Mind the gap: public funding for FE and HE across the UK

As the Spending Review looms, speculation is rife about which areas of public spending are in for the deepest cuts. Sitting within BIS, budgets for FE and HE look particularly vulnerable - Gavan Conlon looks at why and what should be done.
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As the Spending Review looms, speculation is rife about which areas of public spending are in for the deepest cuts. Sitting within the unprotected Department for Business, Innovation and Skills, budgets for further and higher education look particularly vulnerable – especially in light of proposals for quality-linked tuition fee increases, and the government’s enthusiasm to shift the cost burden towards individuals via loans.

Devolution means that the higher education spending decisions in England aren’t reflected consistently elsewhere in the United Kingdom, but they have certainly had an impact on how the Home Nations have developed their own higher education spending arrangements. So are there lessons to be learned from other Home Nations? A new report by London Economics for the University and College Union sheds light on the consequences of different approaches.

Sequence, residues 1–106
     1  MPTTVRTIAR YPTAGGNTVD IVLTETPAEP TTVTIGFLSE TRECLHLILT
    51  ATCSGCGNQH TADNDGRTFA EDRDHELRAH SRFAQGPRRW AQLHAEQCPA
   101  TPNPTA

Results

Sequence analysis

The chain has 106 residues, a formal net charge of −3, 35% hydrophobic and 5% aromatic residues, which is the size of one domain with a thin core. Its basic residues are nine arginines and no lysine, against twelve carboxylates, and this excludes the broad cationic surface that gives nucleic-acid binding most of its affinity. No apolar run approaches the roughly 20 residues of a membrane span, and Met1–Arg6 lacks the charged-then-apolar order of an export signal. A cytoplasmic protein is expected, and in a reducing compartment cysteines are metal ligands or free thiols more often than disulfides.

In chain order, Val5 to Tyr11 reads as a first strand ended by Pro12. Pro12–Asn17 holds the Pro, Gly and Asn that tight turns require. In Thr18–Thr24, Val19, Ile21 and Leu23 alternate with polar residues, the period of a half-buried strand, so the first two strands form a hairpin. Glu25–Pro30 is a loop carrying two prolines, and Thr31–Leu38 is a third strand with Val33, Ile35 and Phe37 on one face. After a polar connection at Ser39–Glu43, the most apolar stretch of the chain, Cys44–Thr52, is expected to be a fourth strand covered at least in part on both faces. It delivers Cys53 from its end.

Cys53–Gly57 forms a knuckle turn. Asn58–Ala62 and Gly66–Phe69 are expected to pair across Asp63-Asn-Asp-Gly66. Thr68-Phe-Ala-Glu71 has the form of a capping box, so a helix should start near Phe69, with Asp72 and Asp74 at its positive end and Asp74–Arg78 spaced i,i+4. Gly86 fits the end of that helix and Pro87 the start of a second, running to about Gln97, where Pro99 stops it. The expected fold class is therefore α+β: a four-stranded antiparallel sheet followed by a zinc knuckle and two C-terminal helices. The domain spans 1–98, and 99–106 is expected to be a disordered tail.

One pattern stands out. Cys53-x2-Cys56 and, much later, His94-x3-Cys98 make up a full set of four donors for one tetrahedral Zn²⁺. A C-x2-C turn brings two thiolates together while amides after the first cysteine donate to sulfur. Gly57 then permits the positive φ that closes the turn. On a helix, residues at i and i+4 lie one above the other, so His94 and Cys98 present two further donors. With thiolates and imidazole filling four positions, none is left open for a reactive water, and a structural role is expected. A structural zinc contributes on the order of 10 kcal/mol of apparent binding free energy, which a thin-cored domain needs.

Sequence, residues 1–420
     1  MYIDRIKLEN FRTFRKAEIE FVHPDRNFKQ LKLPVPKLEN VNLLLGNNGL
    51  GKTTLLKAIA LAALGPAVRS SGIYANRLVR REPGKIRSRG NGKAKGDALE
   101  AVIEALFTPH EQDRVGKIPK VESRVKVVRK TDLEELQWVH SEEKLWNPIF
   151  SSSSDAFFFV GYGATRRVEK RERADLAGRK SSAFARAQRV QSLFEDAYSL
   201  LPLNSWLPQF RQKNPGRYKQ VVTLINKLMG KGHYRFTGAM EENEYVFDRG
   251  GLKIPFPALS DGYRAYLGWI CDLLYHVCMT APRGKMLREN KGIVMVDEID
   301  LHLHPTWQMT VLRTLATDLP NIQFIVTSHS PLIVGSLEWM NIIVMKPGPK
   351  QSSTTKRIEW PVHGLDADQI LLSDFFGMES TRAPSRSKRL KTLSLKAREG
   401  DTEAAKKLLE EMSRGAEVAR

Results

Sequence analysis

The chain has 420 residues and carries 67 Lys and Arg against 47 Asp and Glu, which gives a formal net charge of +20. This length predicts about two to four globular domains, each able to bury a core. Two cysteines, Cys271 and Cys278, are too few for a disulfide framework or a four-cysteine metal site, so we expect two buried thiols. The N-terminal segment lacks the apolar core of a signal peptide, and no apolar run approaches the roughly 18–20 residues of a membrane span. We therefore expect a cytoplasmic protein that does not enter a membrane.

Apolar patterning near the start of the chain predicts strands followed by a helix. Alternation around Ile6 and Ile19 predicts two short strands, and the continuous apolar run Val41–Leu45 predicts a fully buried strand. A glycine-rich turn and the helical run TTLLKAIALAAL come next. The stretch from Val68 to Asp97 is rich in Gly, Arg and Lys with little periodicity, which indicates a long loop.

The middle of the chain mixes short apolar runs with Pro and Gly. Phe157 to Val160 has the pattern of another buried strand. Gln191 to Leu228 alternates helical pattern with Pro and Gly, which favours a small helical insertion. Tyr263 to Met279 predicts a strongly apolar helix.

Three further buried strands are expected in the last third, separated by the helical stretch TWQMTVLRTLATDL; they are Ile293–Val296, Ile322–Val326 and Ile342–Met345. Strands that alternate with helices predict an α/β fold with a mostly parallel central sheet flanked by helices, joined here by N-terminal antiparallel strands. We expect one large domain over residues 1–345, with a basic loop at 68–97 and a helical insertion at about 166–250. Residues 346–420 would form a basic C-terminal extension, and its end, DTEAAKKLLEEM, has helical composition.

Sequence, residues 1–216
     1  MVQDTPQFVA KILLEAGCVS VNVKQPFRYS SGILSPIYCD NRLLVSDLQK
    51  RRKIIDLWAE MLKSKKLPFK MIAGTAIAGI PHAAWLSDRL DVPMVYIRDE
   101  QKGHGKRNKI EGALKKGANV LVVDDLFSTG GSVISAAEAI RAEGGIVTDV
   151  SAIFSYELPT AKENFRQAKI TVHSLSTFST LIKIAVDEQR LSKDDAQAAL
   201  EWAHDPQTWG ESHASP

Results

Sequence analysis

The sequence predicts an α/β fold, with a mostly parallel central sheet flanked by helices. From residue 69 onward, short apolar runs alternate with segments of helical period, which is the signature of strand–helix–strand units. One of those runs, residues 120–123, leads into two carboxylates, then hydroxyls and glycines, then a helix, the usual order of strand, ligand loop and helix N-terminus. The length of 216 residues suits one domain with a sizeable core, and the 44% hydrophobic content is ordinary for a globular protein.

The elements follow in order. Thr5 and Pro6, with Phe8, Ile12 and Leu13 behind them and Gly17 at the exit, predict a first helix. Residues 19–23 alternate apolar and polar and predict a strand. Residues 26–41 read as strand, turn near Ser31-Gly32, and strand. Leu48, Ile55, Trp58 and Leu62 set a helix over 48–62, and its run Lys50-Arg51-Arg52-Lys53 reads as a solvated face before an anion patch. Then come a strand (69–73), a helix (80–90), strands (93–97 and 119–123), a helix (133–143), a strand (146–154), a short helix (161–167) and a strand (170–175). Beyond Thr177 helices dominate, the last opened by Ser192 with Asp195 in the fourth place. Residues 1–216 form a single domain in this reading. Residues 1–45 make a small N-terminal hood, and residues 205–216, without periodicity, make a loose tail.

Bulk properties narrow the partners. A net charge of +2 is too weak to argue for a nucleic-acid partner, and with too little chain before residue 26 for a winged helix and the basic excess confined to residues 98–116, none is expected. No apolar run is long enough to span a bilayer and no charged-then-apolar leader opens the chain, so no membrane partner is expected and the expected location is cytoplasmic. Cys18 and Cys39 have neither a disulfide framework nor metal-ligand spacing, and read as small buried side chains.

Resource Benchmarking in higher education

The new analysis provides detailed estimates of the funding per eligible learner enrolled in higher education across the four Home Nations of the UK in 2012-13 and 2013-14. Importantly, it considers the source of funding (i.e. whether funding is provided in the form of student support or directly to Higher Education Institutions (HEIs) through block grant funding for teaching, research and other activities via the relevant funding body). How public funding is allocated is important, because given the level of cross-border student flows, the public funding linked with those students enrolled in an HEI outside of their own home domicile varies considerably.

What is the total level of public funding for full-time undergraduates?